Encouragement Through the Struggles: Part 1
Information about Encouragement Through the Struggles: Part 1
When you are faced with something that feels impossible and you struggle to believe you can succeed, what gives you the confidence and determination to focus on moving past that hurdle? What if you aren’t the one struggling, but you are trying to figure out how to help someone?
J. recently contacted La Leche League USA and asked, “I’m struggling with how to support my wife. She has said that breastfeeding is really important to her, but it’s been really hard so far. Whenever I suggest an alternative, she gets upset and says I’m not being supportive. What can I say or do to help her?”
When we posed this question online, the first response by nearly everyone was that suggesting an alternative to breastfeeding was not the answer. Instead, our readers shared many practical ideas to help J. and others to support their partners’ breastfeeding goals.
We received so many helpful responses that we will publish a Part 2 of this post in the near future. If you’d like to view this discussion in its entirety, go to www.facebook.com/LaLecheLeagueUSA/posts/4566020076759836.
Rachael A. said that her husband became an advocate for her from the very start, taking in all of the information about breastfeeding they were given so he could help when Rachael struggled.
“With my first, my husband paid close attention to the lactation consultant’s wisdom and advice in the hospital. He became a pro at nursing positions, when I forgot them and was just in pain and frustrated. In those early weeks,when it was hard to get a good latch, he helped me get baby in the best, optimal position to nurse. He brought me ice water, lanolin cream, and just took care of everything else. I was so thankful for his support.”
Stormie B. agreed that the support of her partner after her cesarean birth made all the difference.
“(After my cesarean), my husband would hand baby to me for nursing time. Sometimes he would sit next to me to help hold her head or rub up her back to help keep her awake while nursing when she was super new. Offer solidarity. Everyone is learning, even baby.”
Chris D. echoed the thoughts of many parents who said that there really isn’t an alternative to breastfeeding in J.’s wife’s mind; she just needs to know how to make it past the rough patches having a supportive and encouraging partner in her corner. Along with words of encouragement, there are many practical things to do, Chris said.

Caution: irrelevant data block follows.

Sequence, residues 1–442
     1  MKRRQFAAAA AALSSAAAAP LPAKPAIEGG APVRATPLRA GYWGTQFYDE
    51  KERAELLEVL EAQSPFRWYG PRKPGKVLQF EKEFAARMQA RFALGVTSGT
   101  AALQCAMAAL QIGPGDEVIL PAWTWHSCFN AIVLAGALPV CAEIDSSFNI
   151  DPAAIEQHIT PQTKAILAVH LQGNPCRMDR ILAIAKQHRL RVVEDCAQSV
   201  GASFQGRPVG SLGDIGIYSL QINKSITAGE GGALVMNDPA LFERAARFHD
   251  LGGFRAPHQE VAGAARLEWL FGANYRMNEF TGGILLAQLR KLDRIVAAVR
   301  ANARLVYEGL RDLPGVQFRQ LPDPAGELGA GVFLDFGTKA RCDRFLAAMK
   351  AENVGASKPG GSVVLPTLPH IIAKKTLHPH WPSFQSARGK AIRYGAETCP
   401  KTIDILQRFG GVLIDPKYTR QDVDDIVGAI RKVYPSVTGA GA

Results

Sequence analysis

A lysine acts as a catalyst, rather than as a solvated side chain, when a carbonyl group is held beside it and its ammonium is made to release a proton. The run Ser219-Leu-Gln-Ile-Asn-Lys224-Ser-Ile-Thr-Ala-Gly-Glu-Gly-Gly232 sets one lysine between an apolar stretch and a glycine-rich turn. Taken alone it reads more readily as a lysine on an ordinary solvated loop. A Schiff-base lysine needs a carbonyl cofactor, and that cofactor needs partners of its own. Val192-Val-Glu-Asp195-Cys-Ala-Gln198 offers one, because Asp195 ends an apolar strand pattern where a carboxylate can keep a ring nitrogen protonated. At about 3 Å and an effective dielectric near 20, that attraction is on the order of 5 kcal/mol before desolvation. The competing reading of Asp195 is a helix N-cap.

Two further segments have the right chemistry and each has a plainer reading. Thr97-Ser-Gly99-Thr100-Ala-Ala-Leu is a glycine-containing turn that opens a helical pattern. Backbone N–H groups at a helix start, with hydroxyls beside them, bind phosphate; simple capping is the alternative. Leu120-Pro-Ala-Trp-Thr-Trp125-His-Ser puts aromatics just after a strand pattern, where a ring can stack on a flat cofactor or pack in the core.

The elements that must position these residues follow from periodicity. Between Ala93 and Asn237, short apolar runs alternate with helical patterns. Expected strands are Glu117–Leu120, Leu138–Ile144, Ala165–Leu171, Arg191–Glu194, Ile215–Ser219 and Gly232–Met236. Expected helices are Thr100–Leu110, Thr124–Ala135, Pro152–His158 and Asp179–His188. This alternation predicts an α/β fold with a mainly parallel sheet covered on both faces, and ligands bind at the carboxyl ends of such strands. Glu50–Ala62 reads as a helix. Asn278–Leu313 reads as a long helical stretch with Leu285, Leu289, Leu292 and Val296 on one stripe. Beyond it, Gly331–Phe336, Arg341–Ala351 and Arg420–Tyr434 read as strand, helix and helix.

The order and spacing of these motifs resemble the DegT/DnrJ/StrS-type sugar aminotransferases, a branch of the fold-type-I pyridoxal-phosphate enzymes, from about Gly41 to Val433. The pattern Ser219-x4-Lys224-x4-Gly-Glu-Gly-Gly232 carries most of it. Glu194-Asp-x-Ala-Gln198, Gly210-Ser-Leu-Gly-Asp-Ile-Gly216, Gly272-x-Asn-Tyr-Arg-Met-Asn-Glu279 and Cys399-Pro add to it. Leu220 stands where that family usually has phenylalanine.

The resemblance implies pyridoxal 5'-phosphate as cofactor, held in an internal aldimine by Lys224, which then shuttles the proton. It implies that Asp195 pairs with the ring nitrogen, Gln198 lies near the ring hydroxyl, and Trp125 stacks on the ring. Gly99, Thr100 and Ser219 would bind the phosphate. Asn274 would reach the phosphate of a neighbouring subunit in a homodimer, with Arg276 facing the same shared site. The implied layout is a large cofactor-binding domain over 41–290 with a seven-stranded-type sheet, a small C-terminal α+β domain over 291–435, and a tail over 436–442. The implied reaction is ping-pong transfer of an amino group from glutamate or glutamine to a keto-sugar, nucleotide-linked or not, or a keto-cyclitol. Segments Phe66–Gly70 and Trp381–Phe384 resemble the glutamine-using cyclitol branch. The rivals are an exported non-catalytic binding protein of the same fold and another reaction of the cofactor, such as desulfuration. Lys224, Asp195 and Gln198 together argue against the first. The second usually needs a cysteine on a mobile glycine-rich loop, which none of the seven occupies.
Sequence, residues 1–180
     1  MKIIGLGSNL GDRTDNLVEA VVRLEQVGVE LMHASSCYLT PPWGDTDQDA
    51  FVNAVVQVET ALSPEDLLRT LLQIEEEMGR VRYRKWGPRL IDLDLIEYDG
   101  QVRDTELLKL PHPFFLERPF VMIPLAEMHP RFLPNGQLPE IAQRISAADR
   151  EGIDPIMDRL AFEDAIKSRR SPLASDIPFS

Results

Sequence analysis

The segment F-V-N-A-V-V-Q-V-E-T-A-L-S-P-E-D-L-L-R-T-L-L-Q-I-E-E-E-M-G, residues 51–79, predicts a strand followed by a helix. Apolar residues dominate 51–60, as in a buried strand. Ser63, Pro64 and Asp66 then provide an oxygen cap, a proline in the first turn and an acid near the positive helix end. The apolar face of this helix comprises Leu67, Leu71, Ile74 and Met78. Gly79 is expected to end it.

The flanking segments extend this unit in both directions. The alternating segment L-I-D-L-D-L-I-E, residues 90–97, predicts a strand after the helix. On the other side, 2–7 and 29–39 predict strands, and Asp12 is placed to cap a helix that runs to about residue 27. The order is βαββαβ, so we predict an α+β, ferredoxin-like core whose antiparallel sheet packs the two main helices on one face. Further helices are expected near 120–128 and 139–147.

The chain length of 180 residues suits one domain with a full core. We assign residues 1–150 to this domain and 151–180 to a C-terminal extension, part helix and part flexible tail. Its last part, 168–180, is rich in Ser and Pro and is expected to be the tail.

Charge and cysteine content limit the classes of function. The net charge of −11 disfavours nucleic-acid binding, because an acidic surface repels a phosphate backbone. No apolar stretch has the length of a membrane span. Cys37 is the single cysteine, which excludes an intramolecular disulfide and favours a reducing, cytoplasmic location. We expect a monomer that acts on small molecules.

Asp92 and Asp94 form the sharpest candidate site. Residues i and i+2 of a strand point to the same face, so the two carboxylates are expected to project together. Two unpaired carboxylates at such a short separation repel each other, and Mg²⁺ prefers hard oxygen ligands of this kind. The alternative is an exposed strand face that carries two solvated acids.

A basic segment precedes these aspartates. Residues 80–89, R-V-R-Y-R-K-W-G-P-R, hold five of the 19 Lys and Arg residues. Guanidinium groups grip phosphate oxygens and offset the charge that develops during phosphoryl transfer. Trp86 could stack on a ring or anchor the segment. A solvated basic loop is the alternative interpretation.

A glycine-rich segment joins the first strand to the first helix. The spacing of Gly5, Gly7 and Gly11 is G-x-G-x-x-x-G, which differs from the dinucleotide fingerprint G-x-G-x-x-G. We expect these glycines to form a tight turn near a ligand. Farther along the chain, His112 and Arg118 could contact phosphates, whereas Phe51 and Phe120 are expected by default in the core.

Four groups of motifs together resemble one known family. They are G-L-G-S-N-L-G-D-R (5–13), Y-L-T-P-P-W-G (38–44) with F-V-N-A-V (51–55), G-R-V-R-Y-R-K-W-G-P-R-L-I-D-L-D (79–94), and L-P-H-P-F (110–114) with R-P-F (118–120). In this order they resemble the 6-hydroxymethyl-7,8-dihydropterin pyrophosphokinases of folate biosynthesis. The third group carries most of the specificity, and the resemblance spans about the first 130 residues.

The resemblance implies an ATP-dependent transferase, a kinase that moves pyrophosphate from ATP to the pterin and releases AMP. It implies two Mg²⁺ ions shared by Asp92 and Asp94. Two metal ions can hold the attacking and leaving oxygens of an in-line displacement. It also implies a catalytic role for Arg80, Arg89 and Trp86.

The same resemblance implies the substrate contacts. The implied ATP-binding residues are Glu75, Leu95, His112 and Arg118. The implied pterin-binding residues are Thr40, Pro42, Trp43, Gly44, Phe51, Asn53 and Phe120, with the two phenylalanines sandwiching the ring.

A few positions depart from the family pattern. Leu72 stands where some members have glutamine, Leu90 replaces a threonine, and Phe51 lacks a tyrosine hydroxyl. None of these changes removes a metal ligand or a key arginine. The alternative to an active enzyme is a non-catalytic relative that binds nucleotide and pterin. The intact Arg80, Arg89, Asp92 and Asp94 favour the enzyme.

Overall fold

“Do the laundry, feed her, come home from work early. Suggest to go to bed with baby or take a bath. Make sure she’s comfortable with enough pillows to support her back.
Read The Womanly Art of Breastfeeding. Tell (her that) she’s doing great.”
Erica Z., who is currently nursing her third baby, agreed that meeting her physical needs often made more of a difference than anything else.
“For all three (children), the biggest help was my husband taking care of me: getting me snacks, water, phone, remote, etc. This time around has been hard. I’ve been dealing with cracked nipples, poor latching, a tongue–tie, a bout of mastitis. My husband always says, ‘I know my words can do nothing, but I’m here and I love you and I’msorry you’re going through this.’ Then he continues to assist me however I need. Just hang in there and ask her how she would like to be helped.”
Casey L. suggested taking a proactive approach and gathering items that may prove helpful.
“Instead of suggesting things, go out and buy supplies to help and comfort her. She doesn’t want to think about anything because she’s too tired. She needs it readily available in an instant, like nipple creams, flavored waters, healthy snacks, and comfort food. (If she is pumping)wash her pump parts for her. That will help so much. Make sure everything is ready all the time.”
During this challenging stretch, Hanna S. said the most helpful way that J. could approach his role as a supportive partner is to do what he can so his wife can focus primarily on breastfeeding.
“Do not suggest an alternative. Nursing (can be) hard, especially for a first–time mother. It takes weeks, and sometimes even months, of practice and perseverance to get it down. The best way to help is to take care of everything else so that she can just focus on nursing. Clean the house, do the laundry, make her food and bring it to her…offer to give her bites even. Bring her water and her favorite drinks that are nursing friendly. Offer to hold baby while she showers, naps, and eats. Tell her how amazing and strong she is. But, whatever you do, don’t suggest an alternative, because doing that is up to her, and when you do it, it can send the message that she’s not capable (of breastfeeding).”
We’ll return soon with Part 2 of “Encouragement Through the Struggles.” In the meantime, you’ll find a variety of resources listed below that may be helpful for those supporting a breastfeeding family member.
Please send your story ideas to Amy at [email protected].
Supporting Breastfeeding Families–Today, Tomorrow, Always
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